From Chernobyl to Fyre Festival, every man-made disaster of human history begins with poor teamwork and a lack of communication. Failing to establish objectives, poor leadership, twisted priorities - there are countless origins for epic failure, but there’s a common denominator. At some point, any semblance of teamwork is extinguished.
A team charter document is the best tool for fending off potential collapse of a team. This document can be applied for multiple scenarios:
The framework for an organization, such as a startup or team within a corporation.
Team project for college students
Opening a second location (small business or restaurant)
New client kickoff
New project kickoff
Engineering projects (such as breakout sprint within a larger organization)
Team charters will differ based on the situation. There will always be unique elements but the core elements remain the same.
Core Components of a Team Charter
Background & Context - Actionable guidance is impossible without background and context. This section establishes the purpose of the specific team charter you’re working on. It answers the question of, “What?” It could include simple outline the document contents.
Objective - This section answers the question of, “Why?” Some prefer to use, “Mission & Vision” or some variation. Use this to explain why the team should care about this document. The main goal of the project or team should be included. It’s also appropriate to list the success metrics for the project, such as key performance indicators (KPIs), a financial target or audience-related goal. Another benefit of the objective section is to eliminate the possibility of scope creep, when a team begins working on deliverables outside of the project guidelines. Scope creep is a surefire way to miss deadlines and increase team confusion.
Roles & Responsibilities - The next question to answer is, “Who?” Many teams and businesses operate with a misunderstanding of who does what. This section presents direction that is more useful than titles for LinkedIn profiles. For instance, team members with the title of “Sr. Engineer” are more effective within the team dynamic by focusing on different tasks. For instance, one group handles ops work (supporting the system, bugs, downtime) while the other focuses on development work (new features). The roles and responsibilities section provides clear direction for the team and the role of management. Will they be present in daily standups or weekly meetings? Is someone authorized to make managerial decisions if they’re away? These answers should be clarified with a series of FAQ’s and hypothetical but realistic scenarios.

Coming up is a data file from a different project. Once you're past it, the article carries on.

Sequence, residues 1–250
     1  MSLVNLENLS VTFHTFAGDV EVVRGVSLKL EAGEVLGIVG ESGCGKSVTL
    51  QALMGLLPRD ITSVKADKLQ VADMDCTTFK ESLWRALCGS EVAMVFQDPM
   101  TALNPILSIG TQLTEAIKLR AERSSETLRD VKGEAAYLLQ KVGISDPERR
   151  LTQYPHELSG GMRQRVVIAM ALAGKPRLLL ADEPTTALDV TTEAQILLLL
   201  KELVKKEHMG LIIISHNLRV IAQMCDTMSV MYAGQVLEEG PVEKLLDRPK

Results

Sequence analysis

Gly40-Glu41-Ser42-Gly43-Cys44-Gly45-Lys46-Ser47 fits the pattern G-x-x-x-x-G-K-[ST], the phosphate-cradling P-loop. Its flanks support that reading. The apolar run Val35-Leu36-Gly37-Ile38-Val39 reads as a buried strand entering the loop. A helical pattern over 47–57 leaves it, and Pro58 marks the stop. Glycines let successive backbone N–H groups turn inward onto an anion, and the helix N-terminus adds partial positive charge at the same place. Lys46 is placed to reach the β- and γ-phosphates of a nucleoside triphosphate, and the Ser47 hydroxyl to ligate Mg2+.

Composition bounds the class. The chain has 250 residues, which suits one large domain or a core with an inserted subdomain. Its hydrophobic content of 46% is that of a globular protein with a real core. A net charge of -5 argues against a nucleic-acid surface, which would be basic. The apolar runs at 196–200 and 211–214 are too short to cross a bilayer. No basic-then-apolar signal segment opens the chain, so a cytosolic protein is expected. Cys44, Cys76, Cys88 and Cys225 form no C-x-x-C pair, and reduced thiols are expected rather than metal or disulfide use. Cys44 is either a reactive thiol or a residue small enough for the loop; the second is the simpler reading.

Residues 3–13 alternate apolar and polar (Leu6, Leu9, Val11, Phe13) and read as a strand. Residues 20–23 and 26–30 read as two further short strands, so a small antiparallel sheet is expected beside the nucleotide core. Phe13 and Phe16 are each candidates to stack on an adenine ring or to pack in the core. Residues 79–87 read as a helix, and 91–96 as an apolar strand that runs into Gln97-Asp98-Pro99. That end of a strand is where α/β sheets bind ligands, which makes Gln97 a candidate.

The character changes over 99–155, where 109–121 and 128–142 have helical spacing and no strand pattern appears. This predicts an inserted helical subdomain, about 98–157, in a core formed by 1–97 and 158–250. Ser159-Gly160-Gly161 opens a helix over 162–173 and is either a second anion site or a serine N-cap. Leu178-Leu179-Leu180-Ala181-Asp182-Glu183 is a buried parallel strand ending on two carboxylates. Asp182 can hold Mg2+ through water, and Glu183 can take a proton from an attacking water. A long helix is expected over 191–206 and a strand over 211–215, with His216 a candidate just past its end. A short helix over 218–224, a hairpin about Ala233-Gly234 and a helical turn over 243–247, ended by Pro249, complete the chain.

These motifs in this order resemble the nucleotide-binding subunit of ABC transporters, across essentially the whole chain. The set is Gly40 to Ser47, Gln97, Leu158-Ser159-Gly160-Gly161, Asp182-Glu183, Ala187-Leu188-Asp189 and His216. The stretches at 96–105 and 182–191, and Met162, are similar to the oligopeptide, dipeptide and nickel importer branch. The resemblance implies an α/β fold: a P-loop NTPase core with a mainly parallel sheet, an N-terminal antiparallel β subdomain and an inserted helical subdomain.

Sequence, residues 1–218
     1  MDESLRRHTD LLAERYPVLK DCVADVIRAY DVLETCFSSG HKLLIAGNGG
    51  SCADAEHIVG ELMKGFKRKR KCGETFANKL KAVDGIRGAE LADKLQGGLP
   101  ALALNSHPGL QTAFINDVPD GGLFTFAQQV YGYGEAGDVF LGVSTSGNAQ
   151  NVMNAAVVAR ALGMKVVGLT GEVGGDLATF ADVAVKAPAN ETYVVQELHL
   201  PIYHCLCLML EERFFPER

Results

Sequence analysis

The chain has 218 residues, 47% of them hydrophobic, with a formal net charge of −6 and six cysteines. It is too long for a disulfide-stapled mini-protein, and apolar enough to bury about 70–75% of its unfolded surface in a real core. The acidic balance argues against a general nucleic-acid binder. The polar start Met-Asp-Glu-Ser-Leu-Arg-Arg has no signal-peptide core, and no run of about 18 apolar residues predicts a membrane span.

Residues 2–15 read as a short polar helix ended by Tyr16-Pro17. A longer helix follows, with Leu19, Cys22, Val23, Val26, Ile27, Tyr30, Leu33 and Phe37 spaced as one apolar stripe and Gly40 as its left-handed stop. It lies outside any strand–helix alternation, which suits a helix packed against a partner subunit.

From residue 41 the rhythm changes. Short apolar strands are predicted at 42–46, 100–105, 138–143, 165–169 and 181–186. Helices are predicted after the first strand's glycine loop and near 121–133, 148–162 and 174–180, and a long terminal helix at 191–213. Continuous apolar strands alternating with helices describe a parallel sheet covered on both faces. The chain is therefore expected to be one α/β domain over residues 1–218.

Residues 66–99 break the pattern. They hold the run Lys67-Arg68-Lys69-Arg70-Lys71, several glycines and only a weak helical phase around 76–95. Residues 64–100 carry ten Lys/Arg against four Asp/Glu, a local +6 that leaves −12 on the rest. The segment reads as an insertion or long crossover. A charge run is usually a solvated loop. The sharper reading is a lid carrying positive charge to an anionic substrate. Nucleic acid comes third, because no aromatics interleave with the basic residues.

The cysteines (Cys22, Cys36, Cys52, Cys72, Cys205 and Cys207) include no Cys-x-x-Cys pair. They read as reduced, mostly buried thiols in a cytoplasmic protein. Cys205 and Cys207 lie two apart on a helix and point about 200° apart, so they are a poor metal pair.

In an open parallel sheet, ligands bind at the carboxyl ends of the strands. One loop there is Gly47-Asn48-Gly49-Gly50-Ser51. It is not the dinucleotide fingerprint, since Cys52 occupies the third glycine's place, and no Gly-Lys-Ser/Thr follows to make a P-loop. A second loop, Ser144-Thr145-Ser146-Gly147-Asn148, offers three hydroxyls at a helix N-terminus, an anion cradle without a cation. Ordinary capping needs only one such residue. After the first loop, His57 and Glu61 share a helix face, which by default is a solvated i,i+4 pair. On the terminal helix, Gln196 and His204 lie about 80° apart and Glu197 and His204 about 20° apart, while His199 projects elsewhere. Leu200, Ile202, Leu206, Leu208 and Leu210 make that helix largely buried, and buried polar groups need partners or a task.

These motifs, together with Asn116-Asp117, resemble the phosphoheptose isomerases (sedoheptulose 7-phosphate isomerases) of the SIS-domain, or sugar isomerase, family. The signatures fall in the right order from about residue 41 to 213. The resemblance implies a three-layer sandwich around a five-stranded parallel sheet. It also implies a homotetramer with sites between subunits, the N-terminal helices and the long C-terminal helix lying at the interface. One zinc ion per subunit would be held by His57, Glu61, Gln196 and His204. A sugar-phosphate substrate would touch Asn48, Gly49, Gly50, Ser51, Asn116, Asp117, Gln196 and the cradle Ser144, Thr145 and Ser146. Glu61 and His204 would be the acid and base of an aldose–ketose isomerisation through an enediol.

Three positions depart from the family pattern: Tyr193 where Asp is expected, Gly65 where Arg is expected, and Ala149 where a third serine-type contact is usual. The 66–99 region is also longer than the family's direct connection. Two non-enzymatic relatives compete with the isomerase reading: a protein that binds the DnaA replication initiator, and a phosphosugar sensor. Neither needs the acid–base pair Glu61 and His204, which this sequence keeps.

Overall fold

Team Operations - The next two sections answer the question of, “How?” Team operations might be referred to as Checks, Balances, and Reviews, Team Member Authority, or Team Assessment and Evaluations. Whatever name you decide, this section explains how the team will conduct their business. This could include a meeting schedule, sprint schedules, deadlines, milestones, service-level agreements (SLAs), collaboration expectations, etc.
Everything about what the team creates should be explained. This included processes for how and when artifacts are created, and where they are stored. For example, a sales team might produce meeting notes after sales calls that are stored in Salesforce. The next associate reaching out to that customer would review notes prior to the call.
It’s important to separate this section from roles and responsibilities to demonstrate the importance of teamwork and team unity. It serves as an accountability tool for teams and management.
Budget, Resources and Available Support - A misunderstanding of budget and resources is an easy way to crush team morale. At this point, team members understand what they have to do and how, but need to understand what they’ll be working with. For instance, will a marketing team get a budget for design work or will they have to use free resources? This section is useful for providing support avenues if team members are absent or fall behind. Clearly stating the budget provides accountability for managers. They are tasked with keeping the budget consistent instead of pulling resources during the course of a project to serve a wider-scale budget need.